I am happy to say that I will be back in Malta and at the university for a few weeks next year and will be helping the university grow its international master’s degree programs with US schools. I think a few of the ideas for Michigan Tech-University of Malta collaborations may take hold. And, as I understand it, some Michigan Tech students will be coming to the University of Malta for “study abroad.” As we get more folks from my US university over to this country, we’ll form a “Friends of Malta” group to talk about the experience and think about new ways to relate to this country.

Everyone asks what I liked least and what I liked most.
Long term, I pray Malta really works hard to control the loss of its natural and historical heritage. I’ve been told by Maltese that many Maltese think what would be good for tourism would not be good for them. But, I think, sometimes what would make life good for the Maltese would also be good for tourism. A concrete island will not equal economic development—don’t believe that for a minute when the politicians and corporate leaders use it as an excuse to break the rules. Maltese tell me with longing how it used to be greener or there used to be pretty little villages that they miss. They’ve told me summers used to be not quite so hot. If you lose green, it gets warmer—not even considering what’s happening with the climate. Try it, drive with your windows open some evening and note how pleasant the air is as you go by open fields. Keep at the government for your own sake. If your lives are richer, the tourists will be happier too.

Daily aggravation: The bus system. I’ve already ranted about it. But, again, this is a topic where an easier life for the Maltese would also be good for the many people who visit your land. I wish Minister Gatt every success in his reform efforts. This is an issue that should cross party lines.

The wonderfully kind people I have met. You are a passionate people, but in a good way. I like how you argue about what’s best for the country. [OK…a touch more political cooperation would really be helpful in Malta, members of the two main parties are not different species of Maltese/Gozitans. Did you know that the Gov of California is Republican and his wife is Democrat? They are both out campaigning for their party’s candidate. They have a tradition of getting full-sized cut out figures of their favorite candidates. When one of the candidates does something stupid, their children put the figure outside on the lawn…it is possible to talk politics, have a mixed political family, and do good.]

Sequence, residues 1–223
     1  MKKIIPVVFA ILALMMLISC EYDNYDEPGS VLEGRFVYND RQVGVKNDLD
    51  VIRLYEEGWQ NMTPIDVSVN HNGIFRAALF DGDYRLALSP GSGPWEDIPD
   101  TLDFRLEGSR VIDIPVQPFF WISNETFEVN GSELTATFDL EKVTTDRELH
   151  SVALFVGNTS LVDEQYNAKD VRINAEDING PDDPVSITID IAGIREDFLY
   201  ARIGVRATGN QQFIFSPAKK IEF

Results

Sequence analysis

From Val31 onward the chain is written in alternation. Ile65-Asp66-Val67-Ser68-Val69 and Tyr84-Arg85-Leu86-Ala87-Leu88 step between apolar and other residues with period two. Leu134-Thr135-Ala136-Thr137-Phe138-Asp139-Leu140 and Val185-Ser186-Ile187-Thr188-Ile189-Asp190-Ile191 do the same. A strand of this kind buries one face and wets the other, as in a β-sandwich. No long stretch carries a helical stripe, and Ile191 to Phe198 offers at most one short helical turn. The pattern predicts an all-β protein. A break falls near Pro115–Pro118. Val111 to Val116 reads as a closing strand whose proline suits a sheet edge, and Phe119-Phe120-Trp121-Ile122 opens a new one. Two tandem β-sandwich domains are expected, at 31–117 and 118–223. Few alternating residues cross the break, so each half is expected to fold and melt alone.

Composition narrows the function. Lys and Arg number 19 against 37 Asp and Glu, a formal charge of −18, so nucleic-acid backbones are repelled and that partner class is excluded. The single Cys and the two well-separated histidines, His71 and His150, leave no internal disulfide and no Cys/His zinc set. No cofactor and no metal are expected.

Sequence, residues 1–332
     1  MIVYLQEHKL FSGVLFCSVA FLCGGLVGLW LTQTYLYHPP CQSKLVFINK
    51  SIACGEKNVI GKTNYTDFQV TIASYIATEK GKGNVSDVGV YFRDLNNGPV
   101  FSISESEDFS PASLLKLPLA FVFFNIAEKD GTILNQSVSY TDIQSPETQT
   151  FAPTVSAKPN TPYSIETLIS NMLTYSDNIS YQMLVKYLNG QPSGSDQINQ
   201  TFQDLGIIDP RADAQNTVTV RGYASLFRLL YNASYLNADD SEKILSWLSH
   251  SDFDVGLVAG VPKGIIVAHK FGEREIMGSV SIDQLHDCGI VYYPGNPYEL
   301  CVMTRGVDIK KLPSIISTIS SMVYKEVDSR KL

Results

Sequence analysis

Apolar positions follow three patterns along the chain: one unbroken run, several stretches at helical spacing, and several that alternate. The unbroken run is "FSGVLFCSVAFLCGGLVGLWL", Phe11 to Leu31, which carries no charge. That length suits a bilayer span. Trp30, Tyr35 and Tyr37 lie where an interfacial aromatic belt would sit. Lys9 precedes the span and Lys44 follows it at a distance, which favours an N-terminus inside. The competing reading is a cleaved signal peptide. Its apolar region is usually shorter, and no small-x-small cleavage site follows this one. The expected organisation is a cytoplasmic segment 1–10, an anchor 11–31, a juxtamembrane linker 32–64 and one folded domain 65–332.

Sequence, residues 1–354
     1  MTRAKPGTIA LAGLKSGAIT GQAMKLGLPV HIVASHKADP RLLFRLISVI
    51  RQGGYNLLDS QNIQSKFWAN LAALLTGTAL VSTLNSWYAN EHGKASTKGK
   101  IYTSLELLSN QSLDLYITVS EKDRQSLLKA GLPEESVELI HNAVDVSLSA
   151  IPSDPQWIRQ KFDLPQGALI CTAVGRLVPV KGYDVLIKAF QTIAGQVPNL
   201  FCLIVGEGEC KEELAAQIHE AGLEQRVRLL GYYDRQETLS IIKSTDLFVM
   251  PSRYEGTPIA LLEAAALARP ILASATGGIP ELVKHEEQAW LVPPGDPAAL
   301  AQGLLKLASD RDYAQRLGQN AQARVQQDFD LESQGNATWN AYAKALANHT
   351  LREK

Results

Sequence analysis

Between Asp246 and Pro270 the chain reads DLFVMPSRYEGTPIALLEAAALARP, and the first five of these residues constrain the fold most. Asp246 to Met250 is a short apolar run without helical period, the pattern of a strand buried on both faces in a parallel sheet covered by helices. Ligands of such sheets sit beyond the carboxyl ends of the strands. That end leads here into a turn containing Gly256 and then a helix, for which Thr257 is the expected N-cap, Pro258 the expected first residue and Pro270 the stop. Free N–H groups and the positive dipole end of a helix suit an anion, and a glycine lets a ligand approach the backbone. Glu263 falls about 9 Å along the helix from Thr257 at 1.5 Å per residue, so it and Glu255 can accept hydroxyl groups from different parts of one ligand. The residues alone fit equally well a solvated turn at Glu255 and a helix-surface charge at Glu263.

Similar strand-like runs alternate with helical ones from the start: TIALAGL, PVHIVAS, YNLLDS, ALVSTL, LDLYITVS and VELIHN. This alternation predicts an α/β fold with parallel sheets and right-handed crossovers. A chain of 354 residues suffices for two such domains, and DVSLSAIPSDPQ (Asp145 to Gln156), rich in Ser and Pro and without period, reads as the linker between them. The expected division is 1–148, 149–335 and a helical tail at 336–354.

Your wildflowers and green hills in the winter/spring. The green interlaced with the creamy limestone cliffs and homes set against the BLUE Mediterranean melt my heart.

The way your young people—my students and the youngsters I visited—see a big future for themselves here in Malta. We always say children are the future, but it’s extra special when the children see themselves making changes and fulfilling their lives in that future. I taught 10 year olds to university students. They have a zeal for the future and the kind of love of country that isn’t just mindless flag-waving, but rather an abiding and responsible commitment to their home.

What Did I Learn?

The social graces and taking time to talk to people are important. We forget that in the US—or I do. Americans are astoundingly efficient, but it comes at a social cost. Americans are friendly and polite, but I think the depth of socializing and the capacity to make others feel welcome that I’ve experienced in Malta are things I want to try to encourage in my own behavior.

US commercialism is in dire need of taming. It was shocking to me when I went home for that one week in May. I think it may be why we have such frantic lives and too little non-work related social life.. I’m going to keep some of the changes in my life where I can (see my Ecological Footprint post from a few months ago).

A renewed appreciation for the extraordinary quality of a Michigan Tech education. Professors and students work together in active and energetic ways and it makes for a wonderful experience. I am looking forward to teaching at Tech again. It was fun, however, teaching international relations here in Malta. And very interesting to teach international law to so many different kinds of students —Maltese, Erasmus, 3rd year law, lawyers at the International Maritime Law Institute, diplomats at the Mediterranean Academy of Diplomacy.

I learned I could train a dog to walk on a leash, stop jumping on people (mostly), and just generally be a quite lovely dog. I’d never had a dog before, so this was a surprise. He also helped me meet people!

I have a much greater appreciation for the work of US diplomats and will take that back into my teaching.

This will sound rather “zen,” but I learned that when one is using one’s “gift” it feels light and easy. When you are walking away from it, work feels hard. My gift is teaching and working with students and perhaps helping organizations learn.

I learned that it is easy to spend time in a new culture, but difficult to learn a new culture. I wish I’d signed up for Maltese when I got here, it would have enriched my stay.

I learned to love Malta. It’s sort of like how one can have different loves—of one’s parents, or a spouse, or one’s children. There’s room to love other countries in addition to my own. I had the oddest idea pop into my head when I went home in May. I found myself thinking that the US was too big. Smile.